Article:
2007 Excellence in Planning Speaker Series
Jeff Speck is a nationally acclaimed town planner and urban designer. Currently, he directs two leadership initiatives: “The Mayors' Institute on City Design” and “Your Town” - both of which teaches design skills to community leaders nationwide. He also created a new initiative, the Governors’' Institute on Community Design, which brought smart-growth principles and techniques to state leaders. Speck has served as director of design at the National Endowment for the Arts. Prior to that, he spent a decade at Duany Plater-Zyberk and Company as director of town planning. Ten Resolutions for Mayors is a document written by Speck as a guide to better design. Listen to Speck's presentation.
Dick Tustian is a planner, architect and educator with 50 years experience in shaping the built environment. He served as Montgomery County’s planning director for 24 years. More recently, he spent 10 years as an architect and consultant, 4 years as senior fellow and faculty at Harvard University’s Lincoln Institute of Land Policy, and 8 years as adjunct professor and lecturer at the University of Pennsylvania. Tustian covered “Mapping the Growth Management Genome.” Listen to his presentation and download his presentation.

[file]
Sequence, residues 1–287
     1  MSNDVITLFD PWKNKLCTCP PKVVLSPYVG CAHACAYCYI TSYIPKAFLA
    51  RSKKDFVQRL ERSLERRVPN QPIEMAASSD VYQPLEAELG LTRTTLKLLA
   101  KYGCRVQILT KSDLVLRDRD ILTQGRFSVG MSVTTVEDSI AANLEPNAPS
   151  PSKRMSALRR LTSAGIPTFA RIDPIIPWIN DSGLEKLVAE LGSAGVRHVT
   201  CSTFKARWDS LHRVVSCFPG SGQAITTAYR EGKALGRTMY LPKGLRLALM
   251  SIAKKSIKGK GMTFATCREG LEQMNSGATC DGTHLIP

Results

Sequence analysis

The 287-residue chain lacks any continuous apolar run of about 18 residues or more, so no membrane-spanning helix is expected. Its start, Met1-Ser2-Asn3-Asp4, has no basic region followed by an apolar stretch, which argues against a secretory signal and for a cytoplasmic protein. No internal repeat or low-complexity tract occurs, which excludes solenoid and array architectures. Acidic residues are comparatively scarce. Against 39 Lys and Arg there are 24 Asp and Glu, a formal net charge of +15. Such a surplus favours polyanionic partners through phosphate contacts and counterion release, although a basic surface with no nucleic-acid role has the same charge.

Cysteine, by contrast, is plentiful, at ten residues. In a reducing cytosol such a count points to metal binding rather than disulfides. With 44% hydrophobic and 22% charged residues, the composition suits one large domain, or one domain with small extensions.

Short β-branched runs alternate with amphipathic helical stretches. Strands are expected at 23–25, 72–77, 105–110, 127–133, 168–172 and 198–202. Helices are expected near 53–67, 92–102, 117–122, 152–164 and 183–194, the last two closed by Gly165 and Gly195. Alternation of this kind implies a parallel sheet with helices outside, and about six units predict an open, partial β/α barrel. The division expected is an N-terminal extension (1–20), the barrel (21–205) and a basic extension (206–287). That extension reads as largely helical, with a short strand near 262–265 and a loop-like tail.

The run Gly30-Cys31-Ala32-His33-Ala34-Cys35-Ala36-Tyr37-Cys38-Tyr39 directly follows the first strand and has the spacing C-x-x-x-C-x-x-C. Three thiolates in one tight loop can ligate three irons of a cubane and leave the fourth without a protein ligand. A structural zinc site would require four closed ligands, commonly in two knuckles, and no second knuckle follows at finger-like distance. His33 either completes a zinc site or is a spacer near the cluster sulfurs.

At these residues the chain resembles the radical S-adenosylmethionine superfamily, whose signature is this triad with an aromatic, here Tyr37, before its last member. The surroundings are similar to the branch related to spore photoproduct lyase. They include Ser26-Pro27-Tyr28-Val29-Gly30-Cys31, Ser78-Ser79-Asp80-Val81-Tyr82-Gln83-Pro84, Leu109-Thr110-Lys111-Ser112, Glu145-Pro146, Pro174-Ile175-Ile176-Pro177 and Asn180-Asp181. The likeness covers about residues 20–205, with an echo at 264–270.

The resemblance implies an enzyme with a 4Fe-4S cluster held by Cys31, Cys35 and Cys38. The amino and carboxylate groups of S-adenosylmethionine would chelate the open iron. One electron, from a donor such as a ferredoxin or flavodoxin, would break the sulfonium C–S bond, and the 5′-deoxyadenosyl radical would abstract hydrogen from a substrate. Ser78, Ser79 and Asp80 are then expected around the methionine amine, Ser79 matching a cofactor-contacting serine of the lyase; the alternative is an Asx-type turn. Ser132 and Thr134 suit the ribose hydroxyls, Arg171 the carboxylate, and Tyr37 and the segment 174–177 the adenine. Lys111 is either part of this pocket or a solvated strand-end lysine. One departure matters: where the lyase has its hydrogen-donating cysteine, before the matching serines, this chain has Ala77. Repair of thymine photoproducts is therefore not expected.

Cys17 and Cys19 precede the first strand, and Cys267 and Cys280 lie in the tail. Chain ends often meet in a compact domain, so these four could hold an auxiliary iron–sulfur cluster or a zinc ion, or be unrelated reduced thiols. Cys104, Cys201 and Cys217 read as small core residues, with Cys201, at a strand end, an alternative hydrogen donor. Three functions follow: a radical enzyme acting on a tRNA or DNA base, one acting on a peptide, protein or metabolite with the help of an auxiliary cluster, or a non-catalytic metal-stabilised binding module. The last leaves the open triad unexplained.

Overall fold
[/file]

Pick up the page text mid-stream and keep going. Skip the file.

Chris Nelson is the co-director of the Metropolitan Institute at Virginia Tech University’s Alexandria campus. He’s conducted pioneering research in land use planning, growth management, public financing and urban development policy. Nelson addressed “The Infrastructure and Affordable Housing Linkage.” View or listen to Nelson's presentation and download his download his presentation.
Robert Gibbs has been a pioneer in reviving the community-oriented principles of traditional town planning and smart growth as an antidote to the alienating, formless sprawl of suburbia. He’s considered a leading urban planning consultant by some of the most respected mayors, architects, and developers in America. During the past 20 years, Gibbs has been active in developing innovative yet practical methods for applying current trends in residential and commercial development to more than 300 town centers and historic cities across North America, including Atlanta, Seattle, and Denver. He also consulted with many new urban towns including: Alys Beach, Kentlands, Rosemary Beach, and Seaside. Gibbs’ topic was "Principles and Techniques to Accommodate Growth and Enhance Community Identity, Livability and Economic Success." Listen to his presentation.
Richard Heapes is the founder and principal of Street-Works, LLC, a mixed-use development and consulting firm headquartered in New York. He’s nationally recognized for creating great urban places. Heapes recently led a $180-million mixed-use development in suburban West Hartford, Conn. Heapes’ topic was "A Formula for Good Growth." Listen to Heapes' presentation. Listen to Heapes' presentation and download his presentation.